The song was Forever Young by Alphaville, the lights were low andas I buried my heart and soul into her mouth my enjoyment was mildly tempered by the embarrassment of being close to her and obviously aroused.

She didn't seem to mind, and indeed pressed a little closer. Chicks, huh? Sheesh.

A few years later I arrived at university in black jeans, a black shirt, a black coat, a black hat and black boots with spurs on the heels. Suffice it to say that my unleashed fury now had an outlet and it wasn't to be found in the service of the sick and needy, nor in upliftment and development programmes for the kiddies.

I ploughed headfirst into the first group of headbangers I saw and got my noggin staved in for my troubles and I didn't come up for air for four to five years.

I - and fellow student friends - would take on The Fringe in force, rip our shirts off and fling them to the furthest recesses of that filthy, dark establishment, and get stuck into the best alternative music the early nineties had to offer.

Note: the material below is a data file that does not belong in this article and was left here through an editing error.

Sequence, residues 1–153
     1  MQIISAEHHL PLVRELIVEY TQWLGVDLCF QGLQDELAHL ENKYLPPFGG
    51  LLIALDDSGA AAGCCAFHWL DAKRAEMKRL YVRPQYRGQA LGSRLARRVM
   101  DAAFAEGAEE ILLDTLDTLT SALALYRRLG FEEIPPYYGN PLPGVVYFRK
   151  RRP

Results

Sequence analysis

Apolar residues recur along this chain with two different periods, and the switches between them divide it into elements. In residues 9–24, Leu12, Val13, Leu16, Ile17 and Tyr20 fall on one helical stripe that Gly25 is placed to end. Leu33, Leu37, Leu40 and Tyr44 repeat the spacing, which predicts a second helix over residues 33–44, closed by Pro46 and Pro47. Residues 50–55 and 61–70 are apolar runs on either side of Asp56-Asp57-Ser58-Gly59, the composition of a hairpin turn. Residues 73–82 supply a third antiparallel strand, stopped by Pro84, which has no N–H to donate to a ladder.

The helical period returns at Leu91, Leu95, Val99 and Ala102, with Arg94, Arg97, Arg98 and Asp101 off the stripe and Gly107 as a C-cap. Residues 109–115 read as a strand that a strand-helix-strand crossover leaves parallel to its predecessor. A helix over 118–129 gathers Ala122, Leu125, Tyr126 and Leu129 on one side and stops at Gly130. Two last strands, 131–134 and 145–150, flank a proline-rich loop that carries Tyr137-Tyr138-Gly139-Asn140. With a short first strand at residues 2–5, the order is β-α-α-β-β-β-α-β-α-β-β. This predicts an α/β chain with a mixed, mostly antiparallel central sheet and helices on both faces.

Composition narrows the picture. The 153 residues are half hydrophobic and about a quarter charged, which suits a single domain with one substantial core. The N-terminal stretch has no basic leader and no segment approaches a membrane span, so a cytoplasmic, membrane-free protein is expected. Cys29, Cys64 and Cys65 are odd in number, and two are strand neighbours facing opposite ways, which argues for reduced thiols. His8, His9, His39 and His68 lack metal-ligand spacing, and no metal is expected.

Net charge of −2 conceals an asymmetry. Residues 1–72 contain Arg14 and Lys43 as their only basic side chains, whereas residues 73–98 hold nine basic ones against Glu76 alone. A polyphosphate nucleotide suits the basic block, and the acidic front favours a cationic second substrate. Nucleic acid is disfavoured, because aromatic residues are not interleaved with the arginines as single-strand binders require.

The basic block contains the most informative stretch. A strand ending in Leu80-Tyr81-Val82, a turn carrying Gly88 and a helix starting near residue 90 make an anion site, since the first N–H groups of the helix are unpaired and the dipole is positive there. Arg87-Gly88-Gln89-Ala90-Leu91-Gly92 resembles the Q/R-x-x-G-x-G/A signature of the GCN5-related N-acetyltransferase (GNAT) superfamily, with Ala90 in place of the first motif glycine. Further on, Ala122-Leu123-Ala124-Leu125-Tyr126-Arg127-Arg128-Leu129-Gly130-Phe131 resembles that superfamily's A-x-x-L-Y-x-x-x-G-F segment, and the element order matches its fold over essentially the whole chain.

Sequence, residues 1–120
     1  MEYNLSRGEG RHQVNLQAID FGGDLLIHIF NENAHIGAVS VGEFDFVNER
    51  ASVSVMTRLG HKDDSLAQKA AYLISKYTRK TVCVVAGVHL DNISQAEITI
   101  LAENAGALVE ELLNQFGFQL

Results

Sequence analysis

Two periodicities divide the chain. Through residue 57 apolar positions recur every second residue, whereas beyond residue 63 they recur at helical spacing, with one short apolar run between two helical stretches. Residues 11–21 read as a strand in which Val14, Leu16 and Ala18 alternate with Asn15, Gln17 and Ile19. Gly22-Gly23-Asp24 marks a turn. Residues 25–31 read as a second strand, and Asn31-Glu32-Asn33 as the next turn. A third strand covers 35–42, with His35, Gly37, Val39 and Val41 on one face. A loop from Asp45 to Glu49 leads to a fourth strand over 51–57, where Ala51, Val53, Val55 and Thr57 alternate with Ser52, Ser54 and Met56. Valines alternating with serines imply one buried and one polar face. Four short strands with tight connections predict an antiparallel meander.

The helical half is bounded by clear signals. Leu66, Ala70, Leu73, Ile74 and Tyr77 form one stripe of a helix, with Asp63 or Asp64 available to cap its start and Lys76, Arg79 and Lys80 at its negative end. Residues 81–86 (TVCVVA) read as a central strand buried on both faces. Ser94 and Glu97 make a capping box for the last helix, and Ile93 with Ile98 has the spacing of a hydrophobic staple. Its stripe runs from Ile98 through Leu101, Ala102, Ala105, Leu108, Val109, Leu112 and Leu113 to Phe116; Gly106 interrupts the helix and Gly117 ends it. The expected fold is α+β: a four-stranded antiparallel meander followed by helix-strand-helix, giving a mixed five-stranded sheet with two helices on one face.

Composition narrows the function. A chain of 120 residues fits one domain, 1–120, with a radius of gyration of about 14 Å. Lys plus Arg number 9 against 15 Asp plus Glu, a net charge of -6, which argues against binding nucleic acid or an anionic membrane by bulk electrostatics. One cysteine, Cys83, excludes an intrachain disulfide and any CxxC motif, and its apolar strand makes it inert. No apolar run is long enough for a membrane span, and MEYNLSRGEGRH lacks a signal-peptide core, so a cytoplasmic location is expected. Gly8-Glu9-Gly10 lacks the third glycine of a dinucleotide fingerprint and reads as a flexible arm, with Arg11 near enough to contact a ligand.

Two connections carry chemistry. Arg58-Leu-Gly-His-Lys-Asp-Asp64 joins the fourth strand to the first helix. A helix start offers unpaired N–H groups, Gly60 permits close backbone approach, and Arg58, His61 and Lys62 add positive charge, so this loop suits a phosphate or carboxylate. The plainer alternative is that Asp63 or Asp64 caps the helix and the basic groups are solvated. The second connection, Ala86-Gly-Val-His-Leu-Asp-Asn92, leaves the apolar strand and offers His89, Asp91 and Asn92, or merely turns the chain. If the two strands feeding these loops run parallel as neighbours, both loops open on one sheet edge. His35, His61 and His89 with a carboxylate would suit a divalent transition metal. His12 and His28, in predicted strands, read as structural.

The Fringe was unique in that nobody gave a flying fuck what you did there - a crazy guy doing crazy things on the dance floor was considered the norm, rather than the bizarre exception. It was all freestyle, of course, and no move was considered too weird or extreme.

Which is just as well, because if I behaved like that in a modern club they really and truly wouldn't understand.

I had a massive back operation in the mid-90s - a discectomy and spinal fusion, in which bone was taken from my hip to fortify my spine along with two steel screws after a disc was removed from my lower back - and it took many months in a back brace before I was able to walk with any amount of confidence.

The brace was a plastic monstrosity which was moulded to the shape of my torso and strapped on with velcro, and to disguise it I wore jerseys over it.

On the first night I ventured out after the operation (many months had passed) we went to the Corner House - a small, low-ceilinged place which was still serving alternative music.